Bryce Harper Said He Was ‘Hurt’ by Nationals’ Contract Offer

Jesse Pantuosco
May 08, 2020 - 8:04 am

Bryce Harper never wanted to leave the nest. The All-Star outfielder thought he would be a National for life. “Looking at Jeter, looking at [Ripken], looking at Trout now, players that are staying with their team for their whole career. It’s awesome,” said Harper of his desire to wear a single uniform for his entire career. “That’s what I wanted.”

With free agency approaching in 2019, Harper was confident the Nationals—the team that drafted him first overall in 2010—would put a bow on him. “I sat there with my wife, I said, ‘Babe, we’re going back. I’m going back to D.C.,’” Harper told Jared Carrabis and Dallas Braden on Barstool’s Starting 9 podcast earlier this week. Over the Christmas holiday, the one-time NL MVP traveled to Palm Springs for a sit-down meeting with Nationals brass and came away encouraged by the progress made, believing the two sides would eventually settle on a middle ground.

“I thought we had a really good meeting. I walked out of there I said, ‘Scott, get it done,’” said Harper, who contributed a career-high 114 RBI in his debut season with the Phillies in 2019. But when the offer came, Harper was devastated.

“It hurt,” said Harper of Washington’s reported 10-year, $300-million offer. The six-time All-Star knew his D.C. tenure was over when the Nationals poured $140 million into former Diamondbacks ace Patrick Corbin later that offseason. That was also the moment Harper knew the Nationals would win the 2019 World Series.

“I said to Scott, ‘They’re going to win the World Series,’” the 27-year-old recalled of the moment Corbin put pen to paper. “I said they were always one pitcher away.”

Citing Aroldis Chapman’s trade to Chicago in 2016—only to re-sign with the Yankees months later—Harper pitched the idea of the Nationals trading him for prospects and returning as a free agent the following offseason. “We’re out of it, we have no chance. We just sent [Daniel] Murphy, just sent all these guys away. You’re throwing in the towel,” said the eight-year vet, who found out later the Nationals had a “handshake” agreement in place with Houston, though obviously that blockbuster never came to fruition. “You just made your organization better for the next whatever years and you possibly signed me back.”

Harper knew he’d catch flak for leaving the Nats as a free agent, but he just couldn’t get on board with the deal’s proposed payout structure, which included a whopping $90 million in deferred money. “Now I’m gonna’ look terrible,” said Harper, acknowledging the vitriol from fans who might perceive him as greedy for snubbing his nose at an admittedly lavish $300-million offer. “Of course, that’s a lot of money. I didn’t not respect the offer, like I understood it. But I just didn’t like the deferred money.”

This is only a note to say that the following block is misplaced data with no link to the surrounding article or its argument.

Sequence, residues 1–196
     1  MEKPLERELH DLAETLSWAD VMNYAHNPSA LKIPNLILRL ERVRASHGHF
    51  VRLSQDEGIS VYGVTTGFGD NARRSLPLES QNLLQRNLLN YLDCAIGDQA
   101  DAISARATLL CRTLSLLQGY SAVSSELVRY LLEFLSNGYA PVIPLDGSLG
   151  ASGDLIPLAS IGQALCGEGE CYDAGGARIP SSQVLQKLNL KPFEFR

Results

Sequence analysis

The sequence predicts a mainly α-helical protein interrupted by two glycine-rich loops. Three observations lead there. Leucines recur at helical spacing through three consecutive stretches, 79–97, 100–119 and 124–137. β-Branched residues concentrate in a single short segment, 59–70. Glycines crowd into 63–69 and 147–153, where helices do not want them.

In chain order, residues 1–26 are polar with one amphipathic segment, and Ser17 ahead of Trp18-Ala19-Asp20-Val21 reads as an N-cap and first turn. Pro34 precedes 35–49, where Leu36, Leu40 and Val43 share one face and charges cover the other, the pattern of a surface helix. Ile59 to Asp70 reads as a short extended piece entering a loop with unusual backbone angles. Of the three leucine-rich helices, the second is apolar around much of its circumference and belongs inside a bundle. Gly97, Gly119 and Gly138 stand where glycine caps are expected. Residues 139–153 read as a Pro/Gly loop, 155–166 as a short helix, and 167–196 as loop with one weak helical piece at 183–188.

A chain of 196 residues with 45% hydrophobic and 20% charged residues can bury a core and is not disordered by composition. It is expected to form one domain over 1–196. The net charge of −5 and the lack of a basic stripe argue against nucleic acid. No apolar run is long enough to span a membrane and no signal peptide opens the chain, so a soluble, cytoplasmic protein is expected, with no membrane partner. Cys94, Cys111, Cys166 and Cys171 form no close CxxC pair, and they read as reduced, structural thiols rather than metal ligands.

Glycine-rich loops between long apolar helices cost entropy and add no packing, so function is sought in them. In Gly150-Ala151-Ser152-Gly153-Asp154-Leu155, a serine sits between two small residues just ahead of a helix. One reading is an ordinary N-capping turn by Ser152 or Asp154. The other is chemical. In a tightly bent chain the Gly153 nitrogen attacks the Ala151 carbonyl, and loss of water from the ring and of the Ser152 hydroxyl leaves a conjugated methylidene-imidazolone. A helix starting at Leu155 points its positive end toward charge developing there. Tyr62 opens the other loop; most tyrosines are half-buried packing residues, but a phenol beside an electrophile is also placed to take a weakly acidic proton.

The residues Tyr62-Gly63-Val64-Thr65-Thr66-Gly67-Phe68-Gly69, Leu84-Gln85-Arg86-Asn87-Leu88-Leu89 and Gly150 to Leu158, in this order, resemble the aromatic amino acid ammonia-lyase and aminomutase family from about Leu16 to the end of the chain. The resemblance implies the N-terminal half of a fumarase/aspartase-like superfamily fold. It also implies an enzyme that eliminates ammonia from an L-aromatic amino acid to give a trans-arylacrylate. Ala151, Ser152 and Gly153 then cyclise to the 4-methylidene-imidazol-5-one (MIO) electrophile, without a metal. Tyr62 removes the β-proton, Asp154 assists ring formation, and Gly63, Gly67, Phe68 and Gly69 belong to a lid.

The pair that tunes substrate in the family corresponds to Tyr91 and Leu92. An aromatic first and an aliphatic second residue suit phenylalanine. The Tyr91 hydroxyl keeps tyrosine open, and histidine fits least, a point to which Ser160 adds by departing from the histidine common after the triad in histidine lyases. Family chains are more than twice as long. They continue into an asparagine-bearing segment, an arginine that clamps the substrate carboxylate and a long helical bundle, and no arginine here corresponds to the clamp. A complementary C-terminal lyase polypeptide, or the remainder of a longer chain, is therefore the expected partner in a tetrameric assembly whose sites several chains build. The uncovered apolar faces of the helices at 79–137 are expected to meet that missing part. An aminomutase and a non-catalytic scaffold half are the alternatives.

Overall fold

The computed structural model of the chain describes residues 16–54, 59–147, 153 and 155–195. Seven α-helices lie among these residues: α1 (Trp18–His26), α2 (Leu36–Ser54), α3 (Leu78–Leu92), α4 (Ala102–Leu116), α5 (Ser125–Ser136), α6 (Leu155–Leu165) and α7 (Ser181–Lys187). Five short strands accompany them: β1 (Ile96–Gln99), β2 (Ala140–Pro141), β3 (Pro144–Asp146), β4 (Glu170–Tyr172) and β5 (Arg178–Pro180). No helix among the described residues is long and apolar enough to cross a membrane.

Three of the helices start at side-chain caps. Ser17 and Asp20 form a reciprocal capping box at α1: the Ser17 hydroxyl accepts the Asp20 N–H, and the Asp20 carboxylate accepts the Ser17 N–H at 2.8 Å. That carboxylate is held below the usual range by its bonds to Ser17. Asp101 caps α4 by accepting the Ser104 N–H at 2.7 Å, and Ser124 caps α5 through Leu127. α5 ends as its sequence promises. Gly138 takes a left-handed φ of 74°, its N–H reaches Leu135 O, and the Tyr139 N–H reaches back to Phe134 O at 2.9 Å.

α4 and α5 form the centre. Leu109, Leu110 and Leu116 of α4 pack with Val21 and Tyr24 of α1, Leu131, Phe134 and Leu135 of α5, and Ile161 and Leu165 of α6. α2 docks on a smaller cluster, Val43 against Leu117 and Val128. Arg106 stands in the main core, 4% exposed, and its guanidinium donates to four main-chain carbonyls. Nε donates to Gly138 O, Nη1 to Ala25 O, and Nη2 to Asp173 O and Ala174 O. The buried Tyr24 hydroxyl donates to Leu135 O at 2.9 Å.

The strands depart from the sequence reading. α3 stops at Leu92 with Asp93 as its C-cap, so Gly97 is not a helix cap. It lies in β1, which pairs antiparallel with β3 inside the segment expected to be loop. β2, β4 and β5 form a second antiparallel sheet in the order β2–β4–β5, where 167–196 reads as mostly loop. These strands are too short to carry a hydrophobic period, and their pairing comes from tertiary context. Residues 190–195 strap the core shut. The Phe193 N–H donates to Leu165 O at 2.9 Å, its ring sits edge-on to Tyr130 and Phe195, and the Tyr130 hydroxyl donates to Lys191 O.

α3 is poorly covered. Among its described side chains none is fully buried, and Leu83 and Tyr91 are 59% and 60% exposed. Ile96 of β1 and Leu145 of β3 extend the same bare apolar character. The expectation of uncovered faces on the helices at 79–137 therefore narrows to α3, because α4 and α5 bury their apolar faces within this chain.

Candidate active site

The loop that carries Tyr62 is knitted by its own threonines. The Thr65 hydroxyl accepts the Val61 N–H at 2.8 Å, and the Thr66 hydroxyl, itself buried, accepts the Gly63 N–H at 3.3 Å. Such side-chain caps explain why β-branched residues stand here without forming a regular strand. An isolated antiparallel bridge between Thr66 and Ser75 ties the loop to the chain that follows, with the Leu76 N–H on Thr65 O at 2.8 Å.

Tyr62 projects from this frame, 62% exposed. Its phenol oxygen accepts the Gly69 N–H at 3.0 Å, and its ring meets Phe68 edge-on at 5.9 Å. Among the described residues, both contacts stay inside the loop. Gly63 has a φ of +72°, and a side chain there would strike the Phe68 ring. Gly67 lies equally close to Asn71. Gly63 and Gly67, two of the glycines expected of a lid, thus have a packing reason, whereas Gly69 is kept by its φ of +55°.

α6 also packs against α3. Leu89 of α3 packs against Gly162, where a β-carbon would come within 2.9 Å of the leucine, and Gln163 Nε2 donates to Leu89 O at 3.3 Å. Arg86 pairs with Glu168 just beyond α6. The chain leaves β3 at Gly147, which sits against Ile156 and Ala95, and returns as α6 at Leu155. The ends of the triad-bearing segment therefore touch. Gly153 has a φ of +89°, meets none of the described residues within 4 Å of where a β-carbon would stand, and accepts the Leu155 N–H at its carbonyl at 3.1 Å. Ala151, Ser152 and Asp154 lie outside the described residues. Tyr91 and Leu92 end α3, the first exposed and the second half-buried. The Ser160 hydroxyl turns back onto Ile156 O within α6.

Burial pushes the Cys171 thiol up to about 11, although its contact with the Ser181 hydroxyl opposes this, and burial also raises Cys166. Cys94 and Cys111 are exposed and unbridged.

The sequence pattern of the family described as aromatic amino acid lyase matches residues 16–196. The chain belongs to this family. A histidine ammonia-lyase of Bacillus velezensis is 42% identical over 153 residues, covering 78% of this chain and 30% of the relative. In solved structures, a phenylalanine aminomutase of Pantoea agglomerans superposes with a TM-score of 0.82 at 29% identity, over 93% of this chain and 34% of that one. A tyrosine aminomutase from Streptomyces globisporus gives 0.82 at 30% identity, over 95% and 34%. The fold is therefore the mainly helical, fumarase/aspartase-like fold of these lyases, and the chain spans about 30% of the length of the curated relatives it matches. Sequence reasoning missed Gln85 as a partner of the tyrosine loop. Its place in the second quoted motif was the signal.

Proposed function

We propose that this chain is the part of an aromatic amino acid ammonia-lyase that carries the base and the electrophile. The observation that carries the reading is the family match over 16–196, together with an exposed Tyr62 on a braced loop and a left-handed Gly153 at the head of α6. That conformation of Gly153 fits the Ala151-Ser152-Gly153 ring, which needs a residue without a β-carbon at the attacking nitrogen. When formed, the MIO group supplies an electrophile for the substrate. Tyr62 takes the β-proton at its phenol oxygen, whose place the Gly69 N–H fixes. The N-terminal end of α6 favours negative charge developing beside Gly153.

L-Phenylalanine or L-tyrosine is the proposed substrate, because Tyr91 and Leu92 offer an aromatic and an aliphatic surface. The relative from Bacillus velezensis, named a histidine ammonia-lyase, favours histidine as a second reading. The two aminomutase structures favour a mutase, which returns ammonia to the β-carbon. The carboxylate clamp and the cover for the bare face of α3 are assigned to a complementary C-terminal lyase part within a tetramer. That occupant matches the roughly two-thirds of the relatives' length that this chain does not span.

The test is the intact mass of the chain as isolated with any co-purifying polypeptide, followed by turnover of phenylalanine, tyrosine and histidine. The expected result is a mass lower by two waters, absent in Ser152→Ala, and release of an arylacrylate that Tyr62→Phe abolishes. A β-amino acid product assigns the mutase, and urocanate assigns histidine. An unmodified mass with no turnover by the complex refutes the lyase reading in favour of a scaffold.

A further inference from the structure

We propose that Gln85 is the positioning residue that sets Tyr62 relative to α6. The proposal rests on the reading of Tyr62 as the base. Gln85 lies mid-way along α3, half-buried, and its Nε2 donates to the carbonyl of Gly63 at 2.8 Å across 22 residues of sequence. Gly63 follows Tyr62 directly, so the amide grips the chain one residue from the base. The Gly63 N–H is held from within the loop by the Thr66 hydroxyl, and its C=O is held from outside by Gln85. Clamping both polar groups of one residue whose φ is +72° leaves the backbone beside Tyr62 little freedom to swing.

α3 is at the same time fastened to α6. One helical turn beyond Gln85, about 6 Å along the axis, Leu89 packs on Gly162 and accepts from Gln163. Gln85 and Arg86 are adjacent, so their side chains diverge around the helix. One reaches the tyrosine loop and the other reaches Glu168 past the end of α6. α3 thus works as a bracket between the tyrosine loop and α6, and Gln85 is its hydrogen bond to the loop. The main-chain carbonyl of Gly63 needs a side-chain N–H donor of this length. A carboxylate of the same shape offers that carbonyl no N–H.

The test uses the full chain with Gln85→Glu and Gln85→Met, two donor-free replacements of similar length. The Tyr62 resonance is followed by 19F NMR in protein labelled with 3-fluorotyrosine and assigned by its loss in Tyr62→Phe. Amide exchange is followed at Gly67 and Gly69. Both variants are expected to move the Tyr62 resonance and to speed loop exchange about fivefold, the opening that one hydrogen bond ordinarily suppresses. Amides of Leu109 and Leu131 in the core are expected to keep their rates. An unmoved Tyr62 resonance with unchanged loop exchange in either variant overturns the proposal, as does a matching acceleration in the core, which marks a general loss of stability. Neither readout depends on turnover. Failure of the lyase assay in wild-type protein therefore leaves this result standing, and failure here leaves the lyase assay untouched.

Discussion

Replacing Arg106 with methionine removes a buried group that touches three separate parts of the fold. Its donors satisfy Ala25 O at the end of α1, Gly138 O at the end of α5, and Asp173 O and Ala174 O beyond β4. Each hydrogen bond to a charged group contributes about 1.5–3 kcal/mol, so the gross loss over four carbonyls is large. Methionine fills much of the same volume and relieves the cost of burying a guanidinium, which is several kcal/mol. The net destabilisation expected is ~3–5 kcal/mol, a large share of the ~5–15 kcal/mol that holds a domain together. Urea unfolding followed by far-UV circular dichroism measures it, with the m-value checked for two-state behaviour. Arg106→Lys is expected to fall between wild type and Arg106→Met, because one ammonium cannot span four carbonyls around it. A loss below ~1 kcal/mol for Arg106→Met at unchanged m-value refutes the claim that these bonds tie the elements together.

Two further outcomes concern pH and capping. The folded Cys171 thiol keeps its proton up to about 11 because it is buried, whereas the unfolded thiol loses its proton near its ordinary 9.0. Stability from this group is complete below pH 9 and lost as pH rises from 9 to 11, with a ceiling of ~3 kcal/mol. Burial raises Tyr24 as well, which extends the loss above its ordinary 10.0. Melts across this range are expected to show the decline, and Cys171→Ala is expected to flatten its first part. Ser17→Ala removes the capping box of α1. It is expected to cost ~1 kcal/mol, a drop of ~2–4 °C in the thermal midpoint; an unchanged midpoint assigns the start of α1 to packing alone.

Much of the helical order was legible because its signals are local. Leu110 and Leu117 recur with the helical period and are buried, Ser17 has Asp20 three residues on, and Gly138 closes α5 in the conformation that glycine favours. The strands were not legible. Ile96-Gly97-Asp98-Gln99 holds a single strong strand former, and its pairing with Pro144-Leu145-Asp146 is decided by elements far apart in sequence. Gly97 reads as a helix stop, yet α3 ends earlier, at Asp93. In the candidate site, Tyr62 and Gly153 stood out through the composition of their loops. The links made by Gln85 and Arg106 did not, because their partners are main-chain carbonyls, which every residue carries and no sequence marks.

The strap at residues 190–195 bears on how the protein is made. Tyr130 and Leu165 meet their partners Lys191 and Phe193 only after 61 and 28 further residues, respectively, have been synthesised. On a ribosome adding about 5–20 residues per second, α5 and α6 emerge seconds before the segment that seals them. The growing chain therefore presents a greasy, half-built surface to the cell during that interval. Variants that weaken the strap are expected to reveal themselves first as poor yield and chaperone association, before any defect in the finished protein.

As difficult as it was for Washington to see one of its franchise cornerstones defect to a division rival, Harper knew the Nationals would be in good hands with up-and-comer Juan Soto. “I knew they had Juan Soto coming up, they had [Victor] Robles coming up and only had to pay them $520,000,” said the lifetime .276 hitter. “I knew Soto was going to come in and be really really good, so they weren’t afraid of losing me.”

Watching the Nationals soar to World Series glory without him couldn’t have been an easy pill to swallow, but Harper certainly appreciates what his former teammates were able to accomplish. “I couldn’t be happier for those guys because those are the guys that I grinded with for the first seven years of my career,” Harper expressed in his two-hour chat with Barstool. “Seeing [Stephen] Strasburg do what he did in the playoffs. Like if you can’t tip your cap as a player, you don’t deserve to watch him play.”

Despite enticing offers from the Astros and Dodgers, Harper knows he made the right choice to play in Philadelphia. “I haven’t been happier in my life I think. This past year has been so much fun for me with my kid and my family and going into a new city and them just opening their arms,” said Harper, whose blue-collar upbringing and heart-on-his-sleeve playing style have made him an immediate Philly icon. “They got my back too. I know that if I get into a fight, there’s probably going to be a fan around on the field to fight with me.”

We all know how much Bryce loves to throw down, right Hunter Strickland?

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